Australia’s Great Barrier Reef is a beautiful habitat that teems with diverse marine life. The UN World Heritage Committee has issued a statement, saying that it is imperative that Australia continue to protect the Great Barrier Reef.
The committee recently decided not to list the Great Barrier Reef as an endangered habitat. However, it has required Australia to give it a plan to conserve the Great Barrier Reef from environmental problems. The 35-year plan has to be turned in by December 2016.
Climate Change and Other Issues Affect Great Barrier Reef
A UNESCO report states that there were several concerns about possible future problems. These issues include climate change, global warming, costal development projects, pollution, coal mining, dredging and the building of new coal ports.
Other organizations also expressed their concerns to protect the Great Barrier Reef. For one, Greenpeace Australia Reef said that the government couldn’t keep talking about protection of the reef while it support the expansion of coal ports and mining in the area.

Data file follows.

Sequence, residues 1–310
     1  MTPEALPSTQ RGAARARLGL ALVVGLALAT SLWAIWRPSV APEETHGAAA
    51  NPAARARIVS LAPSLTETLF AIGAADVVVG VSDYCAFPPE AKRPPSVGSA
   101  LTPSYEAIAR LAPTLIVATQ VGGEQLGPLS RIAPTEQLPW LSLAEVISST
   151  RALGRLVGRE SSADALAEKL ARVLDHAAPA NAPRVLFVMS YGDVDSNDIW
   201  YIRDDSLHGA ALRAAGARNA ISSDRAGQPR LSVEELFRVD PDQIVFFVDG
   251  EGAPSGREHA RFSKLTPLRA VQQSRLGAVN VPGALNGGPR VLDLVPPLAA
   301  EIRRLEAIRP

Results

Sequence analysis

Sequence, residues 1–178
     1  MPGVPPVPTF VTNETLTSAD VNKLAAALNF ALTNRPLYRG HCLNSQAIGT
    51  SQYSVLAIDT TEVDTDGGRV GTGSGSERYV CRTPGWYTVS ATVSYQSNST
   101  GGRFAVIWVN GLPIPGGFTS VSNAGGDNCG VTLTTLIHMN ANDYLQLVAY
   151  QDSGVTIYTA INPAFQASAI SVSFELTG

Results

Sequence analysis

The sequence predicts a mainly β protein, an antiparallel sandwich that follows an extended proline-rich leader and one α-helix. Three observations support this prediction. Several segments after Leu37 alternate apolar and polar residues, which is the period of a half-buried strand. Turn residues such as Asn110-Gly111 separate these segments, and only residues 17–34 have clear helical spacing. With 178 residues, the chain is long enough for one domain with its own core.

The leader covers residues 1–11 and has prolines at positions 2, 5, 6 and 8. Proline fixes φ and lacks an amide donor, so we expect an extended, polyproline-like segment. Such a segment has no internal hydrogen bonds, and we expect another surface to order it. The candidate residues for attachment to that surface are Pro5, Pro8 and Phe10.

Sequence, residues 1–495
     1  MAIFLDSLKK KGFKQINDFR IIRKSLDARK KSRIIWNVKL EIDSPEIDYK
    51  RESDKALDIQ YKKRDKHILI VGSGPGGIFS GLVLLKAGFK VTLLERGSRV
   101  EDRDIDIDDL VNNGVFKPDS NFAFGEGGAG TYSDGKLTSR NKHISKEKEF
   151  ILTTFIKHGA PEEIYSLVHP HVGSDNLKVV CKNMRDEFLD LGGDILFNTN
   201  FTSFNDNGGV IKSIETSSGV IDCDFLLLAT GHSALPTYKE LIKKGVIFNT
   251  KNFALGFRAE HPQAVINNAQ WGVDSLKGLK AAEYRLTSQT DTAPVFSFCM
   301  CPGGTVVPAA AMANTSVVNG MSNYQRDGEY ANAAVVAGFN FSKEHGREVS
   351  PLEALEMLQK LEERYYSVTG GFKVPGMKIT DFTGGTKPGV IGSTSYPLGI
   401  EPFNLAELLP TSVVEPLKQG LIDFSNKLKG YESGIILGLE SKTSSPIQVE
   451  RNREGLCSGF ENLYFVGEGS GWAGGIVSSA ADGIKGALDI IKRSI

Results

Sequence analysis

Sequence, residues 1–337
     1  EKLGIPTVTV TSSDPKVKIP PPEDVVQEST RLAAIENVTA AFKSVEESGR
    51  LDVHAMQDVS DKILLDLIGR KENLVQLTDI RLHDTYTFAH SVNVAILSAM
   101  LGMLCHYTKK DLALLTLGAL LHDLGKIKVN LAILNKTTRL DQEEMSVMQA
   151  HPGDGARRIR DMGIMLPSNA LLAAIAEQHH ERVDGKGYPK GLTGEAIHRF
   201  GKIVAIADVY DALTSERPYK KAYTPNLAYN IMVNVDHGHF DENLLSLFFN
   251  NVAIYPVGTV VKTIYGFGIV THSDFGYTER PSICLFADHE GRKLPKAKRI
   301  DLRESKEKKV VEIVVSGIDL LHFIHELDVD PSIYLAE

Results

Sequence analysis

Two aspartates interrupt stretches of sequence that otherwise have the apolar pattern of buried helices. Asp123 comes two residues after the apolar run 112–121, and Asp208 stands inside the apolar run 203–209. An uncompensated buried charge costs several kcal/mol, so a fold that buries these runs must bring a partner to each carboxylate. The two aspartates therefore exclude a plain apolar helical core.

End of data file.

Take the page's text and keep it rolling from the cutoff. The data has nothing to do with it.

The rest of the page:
Despite this, the Australian government has spearheaded some extensive conservation efforts in the past. The Federal Environment and Queensland Labor has worked to turn around the spoilage and degradation in areas surrounding the reef. Part of that plan included permanently banning offshore dredging and spoil dumping, as well as targeting the reduction of nitrogen and sediment.
Conservation groups stressed that there is still a great need to protect the Great Barrier Reef. They want the government to announce concrete plans for protection and to outline the ways in which the plans will truly be effective.
Endangered status of Reef Might Have Affected Tourism
As a country that thrives majorly off of tourism, Australia would definitely lose large amounts of funding if the reef was listed as endangered by UNESCO, and if inadequate efforts are made to protect the Great Barrier Reef.
The bottom line is that if the magnificent, beautiful and life-filled Australian Great Barrier Reef is to survive and thrive, there is a need to protect it. Hopefully, the Australian government’s proposed 35-year conservation plan will successfully see this through.